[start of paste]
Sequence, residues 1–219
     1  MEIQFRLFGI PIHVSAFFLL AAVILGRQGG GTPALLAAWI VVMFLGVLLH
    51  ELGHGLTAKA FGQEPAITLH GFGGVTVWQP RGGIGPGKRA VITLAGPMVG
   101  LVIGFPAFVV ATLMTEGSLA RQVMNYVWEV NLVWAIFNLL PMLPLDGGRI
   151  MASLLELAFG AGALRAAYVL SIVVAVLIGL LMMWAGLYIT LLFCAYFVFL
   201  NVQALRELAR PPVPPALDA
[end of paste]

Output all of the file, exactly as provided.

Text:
Sequence, residues 1–219
     1  MEIQFRLFGI PIHVSAFFLL AAVILGRQGG GTPALLAAWI VVMFLGVLLH
    51  ELGHGLTAKA FGQEPAITLH GFGGVTVWQP RGGIGPGKRA VITLAGPMVG
   101  LVIGFPAFVV ATLMTEGSLA RQVMNYVWEV NLVWAIFNLL PMLPLDGGRI
   151  MASLLELAFG AGALRAAYVL SIVVAVLIGL LMMWAGLYIT LLFCAYFVFL
   201  NVQALRELAR PPVPPALDA